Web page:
Bryan Greenberg has a lot on his plate right now. I recently spoke with the actor about his HBO project How to Make It in America, but I also had the opportunity to pick his brain about his latest big-screen role in this Friday's The Good Guy, along with his costar Scott Porter.
Greenberg stars as Daniel, a social wallflower stuck in the middle of the hustle and bustle of New York's Wall Street. Enter Tommy (Porter), a charismatic finance all-star who takes Daniel under his wing to teach him the ropes at work — and with women. Alexis Bledel costars as Tommy's new girlfriend who Daniel is crushing on (love triangle alert!).
Greenberg and Porter told me about how they adapted to playing such polar opposite characters, the Wall Street floor, and why good guys come out on top.
- Greenberg on Daniel's geeky persona: "Those sneakers were mine! The wardrobe, you look in the mirror and you're like, 'Oh, god.' The hair, the whole thing — I sent pictures to some friends back in L.A. while we were shooting, and they were like, who is that?!"
- Porter on his character, Tommy: He's a salesman, that's what he is, and he sells what he thinks you need to keep him around. Does that make him a good guy or bad guy? He's not exactly himself — I'm not sure he even knows exactly who he is — but that doesn't make him bad or good, that just makes him a little bit flawed. Well, a lot flawed.
For more from the actors
- Greenberg on being immersed in Wall Street: "I was hanging out with Hedge Fund guys, and I went on a floor to see how these guys handle the phones. They have these mute buttons on the phones, and they're talking on the phone, but they're also having conversations all around them. It's a lesson in multitasking, and they always have their hands on their desk. All these guys they have toys, and they're playing with like, little squeegie balls and stuff like that, and being active and drinking Red Bull. It's crazy! It's a totally different world that I had no idea about."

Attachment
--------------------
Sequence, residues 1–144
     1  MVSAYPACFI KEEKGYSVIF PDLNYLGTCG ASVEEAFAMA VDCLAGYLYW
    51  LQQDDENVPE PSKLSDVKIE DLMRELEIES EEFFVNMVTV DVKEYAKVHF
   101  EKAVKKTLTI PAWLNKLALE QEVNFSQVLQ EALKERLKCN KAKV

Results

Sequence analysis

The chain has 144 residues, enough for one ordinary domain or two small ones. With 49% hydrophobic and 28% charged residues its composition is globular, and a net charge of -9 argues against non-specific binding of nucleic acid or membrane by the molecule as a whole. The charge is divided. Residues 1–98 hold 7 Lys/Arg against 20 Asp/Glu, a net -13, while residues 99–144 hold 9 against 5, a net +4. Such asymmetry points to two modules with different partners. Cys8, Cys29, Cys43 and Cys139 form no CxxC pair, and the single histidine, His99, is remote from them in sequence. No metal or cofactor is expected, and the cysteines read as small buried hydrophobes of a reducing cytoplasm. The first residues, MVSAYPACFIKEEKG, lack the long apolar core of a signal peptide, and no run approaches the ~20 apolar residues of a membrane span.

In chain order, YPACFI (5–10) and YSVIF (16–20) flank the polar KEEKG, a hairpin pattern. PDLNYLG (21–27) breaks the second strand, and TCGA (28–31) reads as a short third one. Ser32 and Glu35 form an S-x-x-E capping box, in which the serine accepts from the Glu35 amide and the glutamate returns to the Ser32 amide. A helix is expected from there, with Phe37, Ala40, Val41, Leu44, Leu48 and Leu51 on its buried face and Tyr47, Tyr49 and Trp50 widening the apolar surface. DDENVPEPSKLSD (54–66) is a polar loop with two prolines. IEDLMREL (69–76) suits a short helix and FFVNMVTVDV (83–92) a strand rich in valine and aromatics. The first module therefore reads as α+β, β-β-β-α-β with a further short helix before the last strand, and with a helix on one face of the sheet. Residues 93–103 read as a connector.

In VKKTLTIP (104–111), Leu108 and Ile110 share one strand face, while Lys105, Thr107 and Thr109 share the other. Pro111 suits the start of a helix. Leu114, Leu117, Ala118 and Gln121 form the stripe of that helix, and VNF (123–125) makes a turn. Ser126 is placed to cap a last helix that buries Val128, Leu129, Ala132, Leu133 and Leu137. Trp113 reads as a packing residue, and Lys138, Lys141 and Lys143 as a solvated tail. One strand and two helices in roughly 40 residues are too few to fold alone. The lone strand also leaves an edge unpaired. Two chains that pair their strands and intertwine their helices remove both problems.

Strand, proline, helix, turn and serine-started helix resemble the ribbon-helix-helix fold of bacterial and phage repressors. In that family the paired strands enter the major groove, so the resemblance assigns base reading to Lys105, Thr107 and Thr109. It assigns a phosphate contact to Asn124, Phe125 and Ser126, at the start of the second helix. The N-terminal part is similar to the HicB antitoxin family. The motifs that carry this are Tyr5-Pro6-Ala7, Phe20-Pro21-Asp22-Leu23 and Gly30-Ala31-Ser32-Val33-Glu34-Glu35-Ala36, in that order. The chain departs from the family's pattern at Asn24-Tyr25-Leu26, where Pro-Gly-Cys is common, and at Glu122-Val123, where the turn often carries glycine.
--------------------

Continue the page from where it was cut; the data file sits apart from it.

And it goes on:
- Greenberg on the movie's message: "I liked that it's a movie about perception. A lot of these characters don't change, but the audience perception changes. That kind of fascinated me. It had me thinking a lot after I read [the script], and after I saw the movie, I was like, 'I'm thinking more about this than I thought I would be.' 'Cause it's a pretty light movie, but it does make you think."
- Porter on what he took away: "When I watched the movie, I thought so much about how it's really about Beth. You can see her being a little unsure in parts about Tommy, and it's really about trusting yourself, especially in a place like New York. You have to know yourself and trust yourself, and that's the problem with Tommy. But the people who do know themselves like Daniel and Beth end up really coming out on top."
- Porter on if the old adage that "Nice guys finish last" is true or false: "In life, no. In careers, sometimes yes, and it's an unfortunate bi-product of the principles our nation is built on. It's the American dream to go out there and make your own way. You make your own rules, you make own money, and you make your own worth. And sometimes people get stepped on, those who are too nice. But that being said, in life, nice guys never finish last."